When IT Meets Politics

Oct 24 2009   9:05AM GMT

What is not different about the Internet?

Philip Virgo Profile: Philip Virgo

Tags:
Cisco
Cybercrud
Google
Huawei
IPv6
Microsoft
Ofcom
YouTube

I enjoyed Government 2010 on Thursday despite the tunnel vision of enthusiasts who believe the Internet changes everything but will nonetheless be much the same in 2015 as it is today. That may, unfortunately, be true in the UK where the Digital Britain vision is still only for one-way video-streaming rather than the “competing inter-active, broadcast quality video networks to the home” that was the vision of the last Government for 2002.

Meanwhile the favourite applications around the Pacific Rim,

  • house-wives in tower blocks video-gossiping with friends and relatives
  • teenagers playing 22 player on-line football  
  • massively, multiple role playing games to all tastes and ages 
  • on-line karoake/jam/mash-up sessios

all need 8 – 10 megs symetric 

In every senses they are on far side of the planet from the Ofcom “vision” of policing the cybercrud, as our teenagers down load material from around the world because they cannot themselves upload anything bigger than a Youtube clip, before they die of boredom waiting.

I think the chair of the session got the alternative “vision”. My co-panelist from Google was certainly delighted that it was me, not him, who was challenging the audience to raise their sights.

As the only person in the room with a bus pass, I also enjoyed pointing out that I was using electronic messaging over forty years ago – albeit most radio hams, whose ranks I was encouraged to join for practice, still used morse.

I began my challenge to the Government 2010 audience with some “alternative” definitions of the Internet:

1) A marvel of engineering simplicity, with governance routines designed by Californian Hippies (class of ’67, still stoned), overlaid with layers of lawyer-driven liability-avoidance contracts and land grabs for rights over innovation and content

2) A cartel masquerading as anarchy, with everything that makes money controlled by a handful of global corporations: Cisco on routers, Microsoft on Browsers, Google on search engines and so on    

3) The current state of the world’s largest machine: the world telecommunications network, evolving over time from telegraph, telephone and telex onwards – with thought leadership for the drive into IPV6 based, visual multi-media passed to China – while the UK and EU are stuck on the sidelines, arguing among ourselves over regulations that will be obsolete before they are agreed.

My message was that unless we escape from Fantasy Island, the Chinese and Indian players, from Huaewei to the myriad suppliers of language independent multi-media systems and search engines, will dominate the on-line world, including our domestic market, just as the Japanese car makers did until overtaken in turn by their neighbours.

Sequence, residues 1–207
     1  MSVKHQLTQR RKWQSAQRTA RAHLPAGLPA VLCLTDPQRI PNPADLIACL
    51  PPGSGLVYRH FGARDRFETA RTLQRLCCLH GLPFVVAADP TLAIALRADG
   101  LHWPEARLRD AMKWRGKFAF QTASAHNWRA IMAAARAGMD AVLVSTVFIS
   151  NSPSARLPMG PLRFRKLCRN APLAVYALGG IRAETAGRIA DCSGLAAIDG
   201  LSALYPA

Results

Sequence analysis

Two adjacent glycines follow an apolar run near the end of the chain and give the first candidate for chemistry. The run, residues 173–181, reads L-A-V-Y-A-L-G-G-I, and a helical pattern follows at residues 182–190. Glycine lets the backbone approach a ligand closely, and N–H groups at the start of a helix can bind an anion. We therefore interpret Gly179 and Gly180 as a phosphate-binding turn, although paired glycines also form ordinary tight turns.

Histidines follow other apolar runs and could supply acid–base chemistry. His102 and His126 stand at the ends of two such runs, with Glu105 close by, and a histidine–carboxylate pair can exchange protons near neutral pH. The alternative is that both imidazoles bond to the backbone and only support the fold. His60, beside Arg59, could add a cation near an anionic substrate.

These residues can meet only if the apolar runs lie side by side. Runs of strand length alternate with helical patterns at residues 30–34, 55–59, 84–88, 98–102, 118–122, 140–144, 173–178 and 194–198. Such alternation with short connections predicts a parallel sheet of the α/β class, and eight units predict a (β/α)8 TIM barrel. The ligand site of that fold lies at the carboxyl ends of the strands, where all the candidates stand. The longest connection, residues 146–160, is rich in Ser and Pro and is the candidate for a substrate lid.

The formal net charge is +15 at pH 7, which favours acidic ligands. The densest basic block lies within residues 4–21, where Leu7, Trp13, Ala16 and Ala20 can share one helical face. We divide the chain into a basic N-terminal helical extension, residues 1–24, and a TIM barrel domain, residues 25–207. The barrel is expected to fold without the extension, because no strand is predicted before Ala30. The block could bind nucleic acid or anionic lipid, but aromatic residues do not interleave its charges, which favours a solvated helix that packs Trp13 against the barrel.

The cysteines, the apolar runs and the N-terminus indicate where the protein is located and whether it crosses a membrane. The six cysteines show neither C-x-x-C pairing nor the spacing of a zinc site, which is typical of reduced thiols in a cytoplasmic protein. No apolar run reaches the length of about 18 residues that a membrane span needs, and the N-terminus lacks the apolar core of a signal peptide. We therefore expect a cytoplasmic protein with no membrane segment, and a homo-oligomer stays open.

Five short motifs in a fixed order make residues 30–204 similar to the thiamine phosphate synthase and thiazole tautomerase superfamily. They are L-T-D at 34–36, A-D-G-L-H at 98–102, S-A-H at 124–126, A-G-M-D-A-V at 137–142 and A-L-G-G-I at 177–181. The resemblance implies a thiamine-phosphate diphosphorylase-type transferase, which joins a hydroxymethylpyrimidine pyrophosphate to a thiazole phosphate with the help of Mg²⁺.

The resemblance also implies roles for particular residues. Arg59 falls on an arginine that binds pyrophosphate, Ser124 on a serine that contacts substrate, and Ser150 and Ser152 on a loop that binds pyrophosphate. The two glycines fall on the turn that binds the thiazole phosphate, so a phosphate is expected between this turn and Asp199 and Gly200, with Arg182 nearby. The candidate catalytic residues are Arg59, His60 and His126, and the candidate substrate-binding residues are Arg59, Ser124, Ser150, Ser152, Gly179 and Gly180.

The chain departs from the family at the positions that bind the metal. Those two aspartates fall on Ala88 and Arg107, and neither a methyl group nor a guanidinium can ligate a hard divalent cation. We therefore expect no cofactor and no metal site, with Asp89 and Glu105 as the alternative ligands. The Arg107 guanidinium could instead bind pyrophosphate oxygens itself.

On that note I remind you that the Department for Business Innovation and Skills consultation on implemting the proposed duties for Ofcom to report on UK’s communication infrastructure http://www.berr.gov.uk/consultations/page52743.html. closes on 30th October.

I have just been contacted by one of the team offering the opportunity to raise any particular issues of concern covered. I will raise this offer when the Information Society Alliance (EURIM) communications group meets on Monday to review at its forward programme for 2010. 

It is one thing to enjoy venting one’s spleen as an individual – it is another to work as part of team to make a difference. 

Do join the team, either via your employer (although EURIM does now have individual as well as Corpoate membership) or their trade association (e.g. Intellect) or via your professional body (e.g. BCS, IET, IMIS, ISACA, ISC2, ISSA etc) – especially if you disagree with what I have said above.

Part of my role is that of the small boy in the tale of the Emperor’s new clothes. But the other part is bringing together those who will provide him with new clothes that are fit for purpose – including maintaining his credibility as a ruler.

In that context who do you trust to rule the Internet?

Global corporations whose objective is to make money, including to pay the pension funds who are their biggest investors?

Governments whose objective is … (I leave you to complete this sentance as you wish)? 

or

Organised Crime (currently exploiting the vacuum)?  

Remember that if you want it be run by a partnership of the good guys, it is up to you to support the Internet Governance Forum, including via ICANN and Nominet. The next meeting of the EURIM E-Crime group will be a report back from Sharm El Sheik and a review of current plans to help the launch of the Tripartite E-Crime Reduction Partnership – as announced in the Digital Britain report.  

  

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  • cyberdoyle
    So glad you were there! I don't think any of them get IT. Well a few might be seeing IT a bit better now, but as other countries romp away with their infrastructure build we are still capped and throttled by the copper cabal.

    Keep the faith. We will get there eventually, just hope we aren't too late. Until government understand that this first gen infrastructure is inhibiting growth and innovation we just have to keep fighting the good fight to convince them.

    keep rockin

    chris

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